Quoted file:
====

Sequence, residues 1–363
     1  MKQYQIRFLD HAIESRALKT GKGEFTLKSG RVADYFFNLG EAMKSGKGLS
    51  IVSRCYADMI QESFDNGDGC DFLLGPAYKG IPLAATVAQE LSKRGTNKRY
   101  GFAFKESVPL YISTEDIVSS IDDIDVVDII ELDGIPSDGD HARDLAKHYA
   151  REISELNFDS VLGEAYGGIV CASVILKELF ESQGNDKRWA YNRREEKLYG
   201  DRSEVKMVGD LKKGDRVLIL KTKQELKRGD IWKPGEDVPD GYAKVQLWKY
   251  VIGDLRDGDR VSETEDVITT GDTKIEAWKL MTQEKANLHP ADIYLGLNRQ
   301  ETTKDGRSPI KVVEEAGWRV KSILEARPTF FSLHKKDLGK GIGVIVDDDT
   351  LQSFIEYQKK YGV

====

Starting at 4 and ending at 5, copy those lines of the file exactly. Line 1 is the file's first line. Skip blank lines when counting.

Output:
   101  GFAFKESVPL YISTEDIVSS IDDIDVVDII ELDGIPSDGD HARDLAKHYA
   151  REISELNFDS VLGEAYGGIV CASVILKELF ESQGNDKRWA YNRREEKLYG